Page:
World Ocean Weekly

A Tale of Two (Ocean) Cities

"it was the best of times, it was the worst of times, it was the age of wisdom, it was the age of foolishness, it was the epoch of belief, it was the epoch of incredulity, it was the season of Light, it was the season of Darkness, it was the spring of hope, it was the winter of despair, we had everything before us, we had nothing before us…”

These are the opening lines of Charles Dickens’ 1859 novel, A Tale of Two Cities, one of the most popular fictions of all time. Dickens was writing about the French Revolution, a period of intense social turmoil and political upheaval. The book’s first paragraph concludes:

“we were all going direct to Heaven, we were all going direct the other way — in short, the period was so far like the present period, that some of its noisiest authorities insisted on its being received, for good or for evil, in the superlative degree of comparison only.”

Noisy authorities. Superlative degree. Light. Darkness. So far like the present?

Reading those lines, I cannot but compare them to the circumstance we face today; the similarities are evocative certainly, coincident at worst. Thinking on this, it occurred to me to exemplify the irony through a tale of two ocean cities: far apart, one smaller, one larger, but faced with the reality of our time so socially and politically uncertain and affected by disruptive consequence from premeditated action against the nurturing continuum of water.

The first is Newtok, Alaska, a Yup’ik village on the Ninglick River on the Bering Sea, population 380. In a recent National Geographic article, the situation was described as follows: “Thawing permafrost and erosion has increased flooding risks and caused the land around homes to crumble and sink. The community landfill has washed away, fuel storage tanks lean precariously, and some houses have already been torn down because they were in danger of collapsing…So, after years of planning and construction, families began arriving in the freshly minted village of Mertarvik, about 10 miles southeast on Nelson Island. During breaks in the high winds and heavy rains that lashed the Yukon Delta, eighteen families made the move and began unpacking belongings in their newly built energy-efficient homes.”

There is only housing for one third of the Newtok families, with electricity, but no public water and sewerage systems, no school. This small event, planned since 2003, is a front-line consequence of climate change. For those moving, for those forcibly staying behind, which is it? Best of times? Or worst of times?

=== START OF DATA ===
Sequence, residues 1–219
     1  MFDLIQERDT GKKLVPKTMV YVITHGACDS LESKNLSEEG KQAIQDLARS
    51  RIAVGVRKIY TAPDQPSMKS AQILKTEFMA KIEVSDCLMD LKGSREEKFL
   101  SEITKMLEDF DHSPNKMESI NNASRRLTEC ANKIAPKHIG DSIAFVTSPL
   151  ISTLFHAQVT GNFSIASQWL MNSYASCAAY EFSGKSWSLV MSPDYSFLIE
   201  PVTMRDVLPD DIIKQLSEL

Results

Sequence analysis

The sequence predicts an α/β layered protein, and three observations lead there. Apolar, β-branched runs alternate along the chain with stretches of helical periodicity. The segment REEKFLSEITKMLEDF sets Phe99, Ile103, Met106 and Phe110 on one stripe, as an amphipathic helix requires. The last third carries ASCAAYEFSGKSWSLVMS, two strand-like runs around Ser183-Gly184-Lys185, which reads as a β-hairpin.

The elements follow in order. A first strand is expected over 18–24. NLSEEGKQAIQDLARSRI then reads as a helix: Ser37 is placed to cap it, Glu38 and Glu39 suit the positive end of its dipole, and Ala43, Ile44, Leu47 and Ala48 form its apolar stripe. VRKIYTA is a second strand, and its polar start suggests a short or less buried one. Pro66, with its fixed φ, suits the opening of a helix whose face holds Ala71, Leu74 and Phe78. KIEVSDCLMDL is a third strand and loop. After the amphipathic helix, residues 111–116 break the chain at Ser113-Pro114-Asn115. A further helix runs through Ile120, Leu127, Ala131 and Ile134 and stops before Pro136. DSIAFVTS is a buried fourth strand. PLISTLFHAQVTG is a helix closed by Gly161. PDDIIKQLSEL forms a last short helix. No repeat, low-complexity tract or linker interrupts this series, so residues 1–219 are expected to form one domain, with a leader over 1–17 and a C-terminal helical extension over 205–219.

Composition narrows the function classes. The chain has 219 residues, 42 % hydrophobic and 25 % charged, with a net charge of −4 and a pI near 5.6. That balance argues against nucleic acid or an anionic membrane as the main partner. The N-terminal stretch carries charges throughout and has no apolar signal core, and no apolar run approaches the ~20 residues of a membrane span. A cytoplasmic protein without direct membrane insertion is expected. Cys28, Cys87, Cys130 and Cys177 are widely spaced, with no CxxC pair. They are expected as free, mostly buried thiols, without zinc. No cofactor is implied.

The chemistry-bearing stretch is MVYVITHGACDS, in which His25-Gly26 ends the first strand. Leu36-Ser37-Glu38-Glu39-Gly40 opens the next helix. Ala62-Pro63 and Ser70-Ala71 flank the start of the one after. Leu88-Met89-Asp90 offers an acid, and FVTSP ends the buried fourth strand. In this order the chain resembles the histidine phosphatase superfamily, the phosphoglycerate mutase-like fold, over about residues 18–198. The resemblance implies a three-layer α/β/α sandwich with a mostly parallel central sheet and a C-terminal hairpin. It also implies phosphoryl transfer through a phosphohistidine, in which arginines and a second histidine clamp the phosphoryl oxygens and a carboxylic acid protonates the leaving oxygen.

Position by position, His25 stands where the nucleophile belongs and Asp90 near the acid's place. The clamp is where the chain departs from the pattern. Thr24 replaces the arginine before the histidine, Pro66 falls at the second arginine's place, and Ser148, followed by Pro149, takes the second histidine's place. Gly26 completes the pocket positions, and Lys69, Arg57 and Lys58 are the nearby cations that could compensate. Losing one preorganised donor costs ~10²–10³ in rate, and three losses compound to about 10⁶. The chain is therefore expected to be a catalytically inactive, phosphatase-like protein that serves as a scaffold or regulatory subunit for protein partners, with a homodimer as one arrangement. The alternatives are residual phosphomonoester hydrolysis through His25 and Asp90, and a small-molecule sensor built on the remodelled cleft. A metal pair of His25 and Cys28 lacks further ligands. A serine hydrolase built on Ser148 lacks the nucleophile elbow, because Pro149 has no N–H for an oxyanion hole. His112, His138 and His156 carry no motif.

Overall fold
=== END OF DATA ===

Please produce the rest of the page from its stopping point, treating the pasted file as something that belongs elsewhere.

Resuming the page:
Now, transport yourself over 6,000 miles across the Pacific Ocean to Jakarta, Indonesia, a mega-city of over 30 million people that is confronting similar cause and effect: global warming, subsidence as result of over-consumption from the water table, industrial and human pollution of fresh water systems, sea-level rise compounded by extreme weather, land erosion and indiscriminate filling of coastal lowlands to house economic expansion and population increase, corruption of existing governmental regulatory controls and proposed construction of new, very expensive mitigation structures. All these to an extreme that paralyzes response in place and time. Enormous geo-engineered solutions such as giant offshore barriers, dikes built on top of existing dikes, new dams, canals, giant water collection areas, and complex control technologies — all these have been proposed at astronomical cost of trillions on trillions, typically under-financed or realistically beyond financial possibility. And finally, there is the unimaginable social prospect of relocation of millions of people, facilities, housing, and services to some other, perhaps safer, more-protected place in what is essentially a low-lying island nation surrounded by water. Worst of times? Best of times?

The exponential magnitude between Newtok and Jakarta is almost beyond calculation, but the impact on the people who live there, desperately responding to changing climate conditions, disruption, community resilience is tragically the same. Dickens writes:

“It was the age of wisdom, it was the age of foolishness, it was the epoch of belief, it was the epoch of incredulity, it was the season of Light, it was the season of Darkness, it was the spring of hope, it was the winter of despair.”

Which is it? Which will it be? What will it take?

PETER NEILL is founder and director of the World Ocean Observatory and is author of The Once and Future Ocean: Notes Toward a New Hydraulic Society. He is also the host of World Ocean Radio upon which this blog is inspired.

How Many Ways Do We Hear the Sound of Water?

How many ways do we hear the sound of water? Just to think about it demands a total immersion in sensory memory and anecdotal recall. What was that sound? When was it? Where was it? How do these questions pertain to its articulation in words, a medium fractured and evocative, but ultimately limited in comparison to the infinite euphony of water?

Think of water as many sounds in one sound: myriad compositions, with ripples and waves as notation of melodies and embellishments. Every performance is unique; the players invisible; the conductor, wind and weather; the orchestra, a system of conveyance that responds to the direction of planetary turning and gravitational force. Think of the earth as a vast concert hall for the appreciation for how we, as individuals and cultures, explore the extent of water, Nature’s most essential element, and interpret its meaning, overtly, or covertly through our senses to our minds.

But who is the composer? Is there a creator? Every culture has its story of origin, often connected to manifestations of water. The great flood. The drowning. The miraculous survival. The baptism. The burial at sea. We want to explain, attribute the making of the ephemeral and fluid to a hand that often looks like ours, as if we are both an expression of the divine and its maker. Water lies at the core of mystery, the miraculous, the appearances that dissolve into the inexplicable and unknowable. There is no definitive answer to who or how, only the certainty of movement.